The presidential administration is considering moving the capital of the Volga federal district from Nizhnii Novgorod to Samara or Saratov in the event of the victory of a Communist Party-supported candidate in Nizhnii Novgorod's gubernatorial elections on 29 July, Interfax and the website strana.ru reported on 24 July citing unidentified sources in the Kremlin. Incumbent Governor Ivan Sklyarov is competing in that election against State Duma deputy (Communist) Gennadii Khodyrev, who won the most votes in the election's first round (see "RFE/RL Russian Federation Report," 18 July 2001). Former Nizhnii Novgorod Governor and Union of Rightist Forces leader Boris Nemtsov told reporters in Nizhnii Novgorod that "the election of a 'red' governor would be dangerous for the region because it would lose money and status," and the transfer of the federal district's capital away from Nizhnii would mean that the oblast "would lose unique opportunities," according to the website. Unofficial presidential advisor Gleb Pavlovskii added that a Communist victory would also likely mean a loss of foreign investment funds as well as the possible transfer of the capital to "Samara or Kazan." Khodyrev told Interfax on 24 July that he met with members of the administration the previous week and the question of moving the capital had not been raised. JAC
...AS VOLOSHIN CONGRATULATES INCUMBENT FOR RUNNING SMOOTH ELECTION.
Meanwhile, at a meeting on 22 July with incumbent Governor Sklyarov, presidential administration head Aleksandr Voloshin expressed the "sincere gratitude" of President Vladimir Putin for the legality with which the first round of elections were conducted on 15 July, the website strana.ru reported the next day. However, on 19 July, State Duma deputy (People's Deputy) Vadim Bulavinov, who had been the favorite in the race, filed a complaint with the oblast court challenging the election results, according to "Kommersant-Daily" on 20 July. On 17 July, Bulavinov along with fellow candidates Khodyrev and Dmitrii Savelev (Union of People's Deputy) held a press conference in which they accused Sklyarov of rigging the election. According to Bulavinov, there were instances in which incomplete protocols were signed in the local Election Commission, and the votes of deceased and other voters who did not bother to come to polling stations were counted. JAC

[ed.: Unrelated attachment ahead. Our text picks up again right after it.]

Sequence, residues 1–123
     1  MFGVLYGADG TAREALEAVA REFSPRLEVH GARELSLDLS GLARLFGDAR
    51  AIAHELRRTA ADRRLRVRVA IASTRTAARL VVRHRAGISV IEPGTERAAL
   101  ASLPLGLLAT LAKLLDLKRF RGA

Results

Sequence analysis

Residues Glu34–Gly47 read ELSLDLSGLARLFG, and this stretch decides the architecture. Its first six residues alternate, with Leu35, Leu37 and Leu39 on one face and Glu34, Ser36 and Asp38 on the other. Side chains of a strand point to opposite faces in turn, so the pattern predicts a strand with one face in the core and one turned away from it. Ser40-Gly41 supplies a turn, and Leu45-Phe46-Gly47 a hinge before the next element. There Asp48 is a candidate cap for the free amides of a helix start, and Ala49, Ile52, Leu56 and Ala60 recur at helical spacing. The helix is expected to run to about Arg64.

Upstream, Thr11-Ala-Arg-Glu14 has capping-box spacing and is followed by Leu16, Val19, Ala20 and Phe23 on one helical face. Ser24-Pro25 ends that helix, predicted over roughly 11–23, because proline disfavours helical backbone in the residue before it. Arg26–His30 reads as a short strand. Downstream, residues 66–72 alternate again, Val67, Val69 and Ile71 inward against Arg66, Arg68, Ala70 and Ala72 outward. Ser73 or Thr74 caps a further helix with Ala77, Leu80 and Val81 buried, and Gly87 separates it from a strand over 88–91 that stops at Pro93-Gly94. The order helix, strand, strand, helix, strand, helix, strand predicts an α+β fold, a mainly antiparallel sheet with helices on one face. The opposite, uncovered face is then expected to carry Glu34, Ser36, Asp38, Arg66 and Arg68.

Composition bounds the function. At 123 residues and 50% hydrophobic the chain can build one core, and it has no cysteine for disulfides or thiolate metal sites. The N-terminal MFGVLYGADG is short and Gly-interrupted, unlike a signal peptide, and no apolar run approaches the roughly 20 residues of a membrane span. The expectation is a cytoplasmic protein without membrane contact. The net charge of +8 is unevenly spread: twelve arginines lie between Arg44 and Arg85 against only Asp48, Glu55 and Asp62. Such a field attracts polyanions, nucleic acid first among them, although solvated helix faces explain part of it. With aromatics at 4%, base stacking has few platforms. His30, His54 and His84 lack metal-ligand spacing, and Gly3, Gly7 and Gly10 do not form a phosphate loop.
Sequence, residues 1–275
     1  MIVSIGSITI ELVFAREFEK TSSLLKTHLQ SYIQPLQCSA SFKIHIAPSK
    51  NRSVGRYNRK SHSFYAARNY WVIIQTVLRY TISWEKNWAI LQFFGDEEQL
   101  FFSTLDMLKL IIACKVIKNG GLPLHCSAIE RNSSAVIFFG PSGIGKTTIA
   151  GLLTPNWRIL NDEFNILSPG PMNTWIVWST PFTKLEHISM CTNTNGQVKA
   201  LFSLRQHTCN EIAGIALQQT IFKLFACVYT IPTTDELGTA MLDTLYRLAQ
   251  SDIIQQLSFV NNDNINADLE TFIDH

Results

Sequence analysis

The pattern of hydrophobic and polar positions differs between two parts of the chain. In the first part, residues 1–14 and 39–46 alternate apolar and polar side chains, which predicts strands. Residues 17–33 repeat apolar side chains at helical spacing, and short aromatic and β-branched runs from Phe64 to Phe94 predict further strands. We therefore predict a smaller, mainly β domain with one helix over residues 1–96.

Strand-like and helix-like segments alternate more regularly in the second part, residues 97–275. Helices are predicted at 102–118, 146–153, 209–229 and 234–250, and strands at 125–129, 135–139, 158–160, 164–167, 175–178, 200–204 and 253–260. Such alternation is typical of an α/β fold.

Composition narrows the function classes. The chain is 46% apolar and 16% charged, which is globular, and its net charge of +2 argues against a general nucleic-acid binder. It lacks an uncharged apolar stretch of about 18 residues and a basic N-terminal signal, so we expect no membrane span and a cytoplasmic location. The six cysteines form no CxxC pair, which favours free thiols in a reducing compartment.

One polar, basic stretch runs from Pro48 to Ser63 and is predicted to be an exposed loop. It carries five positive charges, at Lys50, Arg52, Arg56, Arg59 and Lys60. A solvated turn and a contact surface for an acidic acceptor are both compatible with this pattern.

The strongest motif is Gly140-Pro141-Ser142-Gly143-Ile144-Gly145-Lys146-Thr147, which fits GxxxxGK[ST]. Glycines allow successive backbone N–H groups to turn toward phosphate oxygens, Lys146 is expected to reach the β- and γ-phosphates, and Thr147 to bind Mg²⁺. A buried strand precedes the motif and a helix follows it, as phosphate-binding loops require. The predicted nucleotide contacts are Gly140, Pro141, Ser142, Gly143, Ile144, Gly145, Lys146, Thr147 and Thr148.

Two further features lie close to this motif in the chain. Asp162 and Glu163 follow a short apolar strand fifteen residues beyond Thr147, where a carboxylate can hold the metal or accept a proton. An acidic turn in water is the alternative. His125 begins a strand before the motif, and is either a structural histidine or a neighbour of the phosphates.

CHEREPKOV CHARGES THAT NEW GOVERNOR IS UNDER VOLOSHIN'S THUMB...
In an interview with RFE/RL's Moscow bureau on 24 July, State Duma deputy (People's Deputy) and former candidate in the Primorskii Krai gubernatorial elections Viktor Cherepkov charged that presidential administration head "Voloshin is personally ruling Primore in the interests of oligarchic structures close to him" and is "manipulating [newly elected krai] Governor Sergei Darkin" to secure a redistribution of property there. Cherepkov also charged that the delay in the Supreme Court's examination of his appeal to overturn the elections is connected with the desire of the presidential administration to retain an additional lever over Darkin. To ensure his complete obedience, they are threatening him that the court will declare the elections invalid. JAC
...THAT MAYOR WILL BE REPLACED WITH DARKIN CRONY...
Cherepkov also predicted that Vladivostok Mayor Yurii Kopylov will soon be dismissed. Two of Kopylov's deputy mayors were recently charged with abuse of office, following an audit of the financial activities of the committee for administering city property. Last year, the committee conducted a number of sales of city property, some of which were sold at below market prices to relatives of city officials, according to RFE/RL's Vladivostok correspondent (see "RFE/RL Newsline," 24 July 2001). But the real reason for Kopylov's dismissal, according to Cherepkov, will not be corruption but the desire of the new governor to put his own person as head of the region's capital city. Cherepkov, who is a former mayor of Vladivostok, said that he would participate in early mayoral elections if they are held. JAC